I almost never lose anything but umbrellas, and those, all the time. Here's why: It's my long-ingrained habit to look back at any spot I'm leaving to see if I've left or dropped anything... but umbrellas, when they've been used, are wet, and usually end up somewhere out of the way, so as not to drip on the floor of whatever establishment I'm in... if it's not raining when I leave, bye-bye, umbrella. Thank goodness they aren't as expensive as palm pilots!

Get a bag, put things away instead of setting them down beside you... but most of all, do the look-back. Everywhere. Leaving the grocery checkout? Look back. Finished at the library? Look back. ALB. Always Look Back. Getting out of bed? Look back.

okay, not so much on the last one, but ... you never know, :)
posted by taz at 12:15 AM on October 19, 2007


I pretty much just make a ritual out of packing and unpacking my bag. Things don't always have a certain pocket, but they have a certain order that they go in.

For instance, if I'm packing my big backpack: jacket, bottled water, meds, wallet, iPod, lunch. When you do it in the same order everyday, you really notice when you miss something.

Same thing for my morning ritual. Brushing my teeth, cleaning my face, wetting and styling my hair, then pants, shirt, then shoes. Then I proceed with the previously mentioned packing of my backpack.

I feel really "off" when I do things out of order. But when I do them in that order, I almost never forget anything.
posted by Zarya at 2:03 AM on October 19, 2007


I almost never lose stuff. The reason is because I am very conscious of my ability to lose stuff. If I put my wallet on the seat next to me, I immediately think "wow, that looks like an accident waiting to happen, better put it back in my pocket right away."
posted by grouse at 2:04 AM on October 19, 2007


I don't lose things now that they are all connected together. I.e. keys are connected via beaner to the purse (or wallet, or whatever). Cell phone is in a zippered pouch. Gloves have connections to the jacket.

It's harder to lose things when you need to use something in the bunch every few minutes. The bigger the bunch, the faster you notice if it's gone.
posted by nat at 2:17 AM on October 19, 2007


In addition to not losing stuff, hop on your computer, play with Word or some fancier graphics software, and make a label with some contact details. Print out a bazillion of these at various sizes, and put them on your PDAs, umbrellas, and other things. So when you do lose them, if someone were inclined to email you (or whatever) and let you know where to retrieve it, they can.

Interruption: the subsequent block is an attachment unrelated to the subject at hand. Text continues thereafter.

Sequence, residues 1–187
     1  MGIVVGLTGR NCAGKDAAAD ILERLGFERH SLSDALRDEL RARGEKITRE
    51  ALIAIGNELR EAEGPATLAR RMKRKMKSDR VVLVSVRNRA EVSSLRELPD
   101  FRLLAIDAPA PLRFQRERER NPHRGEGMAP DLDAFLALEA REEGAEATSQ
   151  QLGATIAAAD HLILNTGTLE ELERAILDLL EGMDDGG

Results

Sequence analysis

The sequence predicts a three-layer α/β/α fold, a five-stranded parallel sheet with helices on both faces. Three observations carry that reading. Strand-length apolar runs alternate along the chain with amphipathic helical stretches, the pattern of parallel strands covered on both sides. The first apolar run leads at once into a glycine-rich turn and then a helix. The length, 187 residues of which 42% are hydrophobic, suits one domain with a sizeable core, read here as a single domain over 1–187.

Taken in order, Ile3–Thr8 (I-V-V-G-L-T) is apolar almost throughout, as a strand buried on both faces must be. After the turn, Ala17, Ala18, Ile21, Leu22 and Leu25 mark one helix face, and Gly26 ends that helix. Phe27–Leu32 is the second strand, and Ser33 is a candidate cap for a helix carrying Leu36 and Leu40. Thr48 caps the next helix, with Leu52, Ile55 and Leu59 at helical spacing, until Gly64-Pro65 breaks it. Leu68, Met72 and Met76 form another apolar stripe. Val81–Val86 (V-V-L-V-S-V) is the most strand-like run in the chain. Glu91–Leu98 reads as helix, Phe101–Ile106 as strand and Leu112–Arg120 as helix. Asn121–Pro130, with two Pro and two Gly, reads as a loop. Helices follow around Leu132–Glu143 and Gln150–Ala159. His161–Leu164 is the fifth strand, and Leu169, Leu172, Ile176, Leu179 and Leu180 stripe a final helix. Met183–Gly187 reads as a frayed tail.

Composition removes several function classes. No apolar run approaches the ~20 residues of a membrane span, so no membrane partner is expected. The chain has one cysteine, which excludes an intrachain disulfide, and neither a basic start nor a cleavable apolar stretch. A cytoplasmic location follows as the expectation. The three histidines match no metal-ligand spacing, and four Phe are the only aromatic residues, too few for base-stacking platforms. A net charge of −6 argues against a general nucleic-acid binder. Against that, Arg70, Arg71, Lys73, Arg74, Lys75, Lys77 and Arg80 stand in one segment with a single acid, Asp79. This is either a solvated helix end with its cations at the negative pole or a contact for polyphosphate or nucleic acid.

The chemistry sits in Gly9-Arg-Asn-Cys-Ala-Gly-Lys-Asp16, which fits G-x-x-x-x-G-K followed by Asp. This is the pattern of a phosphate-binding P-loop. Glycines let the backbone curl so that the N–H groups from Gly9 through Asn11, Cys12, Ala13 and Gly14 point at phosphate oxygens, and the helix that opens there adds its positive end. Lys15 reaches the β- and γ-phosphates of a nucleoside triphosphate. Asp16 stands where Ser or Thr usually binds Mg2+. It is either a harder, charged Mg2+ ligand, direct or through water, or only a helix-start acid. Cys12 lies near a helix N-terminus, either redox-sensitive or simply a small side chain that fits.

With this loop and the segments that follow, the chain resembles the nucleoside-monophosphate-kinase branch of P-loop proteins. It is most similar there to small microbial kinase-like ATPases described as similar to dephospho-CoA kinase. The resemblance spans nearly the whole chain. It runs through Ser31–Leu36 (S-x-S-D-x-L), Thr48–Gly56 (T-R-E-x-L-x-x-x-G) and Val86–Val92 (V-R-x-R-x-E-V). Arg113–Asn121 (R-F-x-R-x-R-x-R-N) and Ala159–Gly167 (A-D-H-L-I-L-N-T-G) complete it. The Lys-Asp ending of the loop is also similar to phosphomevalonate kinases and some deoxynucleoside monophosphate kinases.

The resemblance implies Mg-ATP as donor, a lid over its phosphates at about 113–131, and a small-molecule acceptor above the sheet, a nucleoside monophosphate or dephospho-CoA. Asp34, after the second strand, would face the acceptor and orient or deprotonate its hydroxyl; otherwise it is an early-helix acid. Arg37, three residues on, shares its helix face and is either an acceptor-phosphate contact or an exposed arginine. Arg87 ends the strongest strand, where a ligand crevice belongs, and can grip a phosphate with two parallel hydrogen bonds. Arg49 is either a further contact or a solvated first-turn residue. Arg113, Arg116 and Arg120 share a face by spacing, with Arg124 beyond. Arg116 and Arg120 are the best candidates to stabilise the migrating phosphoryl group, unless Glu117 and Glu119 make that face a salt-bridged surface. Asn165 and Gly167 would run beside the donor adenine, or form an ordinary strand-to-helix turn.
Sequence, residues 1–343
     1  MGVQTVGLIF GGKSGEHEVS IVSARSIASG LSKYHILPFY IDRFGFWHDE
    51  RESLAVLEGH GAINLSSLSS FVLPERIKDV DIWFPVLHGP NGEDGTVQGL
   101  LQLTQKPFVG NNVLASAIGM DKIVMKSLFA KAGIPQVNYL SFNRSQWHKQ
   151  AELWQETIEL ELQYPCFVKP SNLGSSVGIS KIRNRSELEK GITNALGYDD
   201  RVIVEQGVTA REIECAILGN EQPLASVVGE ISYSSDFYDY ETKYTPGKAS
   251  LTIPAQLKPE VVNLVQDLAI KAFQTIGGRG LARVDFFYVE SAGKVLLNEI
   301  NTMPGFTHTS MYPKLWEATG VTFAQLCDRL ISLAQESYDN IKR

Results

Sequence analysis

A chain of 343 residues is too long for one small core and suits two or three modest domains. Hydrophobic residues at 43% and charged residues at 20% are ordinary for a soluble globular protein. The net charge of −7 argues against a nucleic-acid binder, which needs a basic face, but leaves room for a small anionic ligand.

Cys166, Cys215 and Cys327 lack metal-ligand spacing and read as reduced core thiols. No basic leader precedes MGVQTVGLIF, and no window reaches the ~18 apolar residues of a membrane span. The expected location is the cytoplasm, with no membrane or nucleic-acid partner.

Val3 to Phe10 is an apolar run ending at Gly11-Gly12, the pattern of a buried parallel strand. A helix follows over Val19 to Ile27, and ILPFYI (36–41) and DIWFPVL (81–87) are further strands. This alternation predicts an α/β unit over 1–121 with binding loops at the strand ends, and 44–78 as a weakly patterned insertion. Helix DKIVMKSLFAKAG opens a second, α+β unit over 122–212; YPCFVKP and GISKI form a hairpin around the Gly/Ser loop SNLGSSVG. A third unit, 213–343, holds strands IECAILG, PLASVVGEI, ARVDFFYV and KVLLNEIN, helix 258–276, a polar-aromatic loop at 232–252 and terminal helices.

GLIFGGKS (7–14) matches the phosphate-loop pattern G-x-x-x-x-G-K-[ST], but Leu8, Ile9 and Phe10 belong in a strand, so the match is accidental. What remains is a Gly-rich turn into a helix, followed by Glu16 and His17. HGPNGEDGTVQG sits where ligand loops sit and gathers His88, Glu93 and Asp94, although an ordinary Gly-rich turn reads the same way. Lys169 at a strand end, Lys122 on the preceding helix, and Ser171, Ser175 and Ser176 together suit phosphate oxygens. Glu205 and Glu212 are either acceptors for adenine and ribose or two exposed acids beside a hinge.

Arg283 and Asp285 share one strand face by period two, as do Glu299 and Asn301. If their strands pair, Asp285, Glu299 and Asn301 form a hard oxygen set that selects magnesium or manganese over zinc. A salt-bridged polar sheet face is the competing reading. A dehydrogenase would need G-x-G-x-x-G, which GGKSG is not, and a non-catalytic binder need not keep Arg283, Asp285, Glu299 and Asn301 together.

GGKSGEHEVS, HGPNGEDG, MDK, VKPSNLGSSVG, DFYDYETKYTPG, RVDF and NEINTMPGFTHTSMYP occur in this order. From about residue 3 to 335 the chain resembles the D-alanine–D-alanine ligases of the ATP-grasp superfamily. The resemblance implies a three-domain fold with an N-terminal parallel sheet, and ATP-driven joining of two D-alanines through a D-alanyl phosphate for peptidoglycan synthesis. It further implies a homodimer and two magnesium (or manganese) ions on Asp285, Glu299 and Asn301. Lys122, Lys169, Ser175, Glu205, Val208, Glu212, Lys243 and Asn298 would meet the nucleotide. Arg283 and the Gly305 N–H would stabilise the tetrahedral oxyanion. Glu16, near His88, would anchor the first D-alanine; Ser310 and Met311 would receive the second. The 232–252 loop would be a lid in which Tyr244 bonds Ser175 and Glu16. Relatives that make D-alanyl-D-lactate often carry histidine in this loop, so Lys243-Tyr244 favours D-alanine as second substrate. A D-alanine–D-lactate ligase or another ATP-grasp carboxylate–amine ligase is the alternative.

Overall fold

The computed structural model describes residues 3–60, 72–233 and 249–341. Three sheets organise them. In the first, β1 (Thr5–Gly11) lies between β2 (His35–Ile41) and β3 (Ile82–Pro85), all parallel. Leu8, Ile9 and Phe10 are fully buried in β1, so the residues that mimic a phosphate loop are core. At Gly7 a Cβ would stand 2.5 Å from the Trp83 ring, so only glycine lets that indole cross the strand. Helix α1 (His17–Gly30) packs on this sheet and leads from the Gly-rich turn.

You're probably thinking "What? Name tags? Like what mom used to sew in my underwear?!".
Instead think of Ex Libris, or personal insignia, or monograms. Stylish customisation of your property that just happens to also include just enough info to facilitate any good Samaritans (but not enough to enable stalkers, if that sort of thing is a concern)
posted by -harlequin- at 2:40 AM on October 19, 2007 [1 favorite]


I never lose things, and it's not because I have a great memory or fancy system or something, but just because I keep all my shit in one big messy bag. Cards, books, papers, notebook, pens, pencils, hat, gloves, keys. All the loose stuff I carry about is always in one place. I may have to hunt for something in the bag, but I know it's in there somewhere.

Dig something out of the bag, use it, and then throw it back in the bag. On the train, keep one thing in your hands and the rest in the bag; never put stuff on the seat next to you or on the storage shelves above the seat. At the cafe, put what you need on the clean tabletop or counter in front of you where you can see it all at once and dump it all into the bag again in five seconds.
posted by pracowity at 2:44 AM on October 19, 2007


As to not losing things, I got in the habit of dominoing things - I rest the handle of my umbrella on my bag, so I can't take the bag without the umbrella clattering down and drawing my attention. I stick a toe through one of the bag straps (the bag is resting on the floor) so I can't stand up without the bag reminding me it's there.

I just make sure that everything I put down has some kind of Rube-Goldberg chain of connection with something else, with me at the centre of the web.
posted by -harlequin- at 2:48 AM on October 19, 2007 [2 favorites]


The way to keep from unintentionally leaving/losing things is to be intentional about not doing it. Sounds obvious, I know. I tend to be a little scatterbrained (moreso now that I'm pregnant) and I have had to learn to keep track of my possessions. When I handle something important, something I definitely do not want to lose, I handle it with that importance. I wouldn't set $150 on the seat next to me so I won't do it with my iPod. If I'm not using it, back into the purse/bag it goes. It may be a little extra work to put it in/take it out if it's just for a minute, but because I've decided it's a valuable item, it's worth it to me. Gadgets have become so ubiquitous that it's easy to take them for granted. Keeping their true value (especially if it contains your life, like a PDA does) at the forefront of your mind will help you be more mindful of how you handle them.
posted by wallaby at 3:45 AM on October 19, 2007


I think "consciously putting stuff in your pockets/bag" is doing it backwards. You don't want to check you've "got everything" - because as you say, you forget to include some stuff in your mental category of "everything" - you just want to check you haven't left anything behind.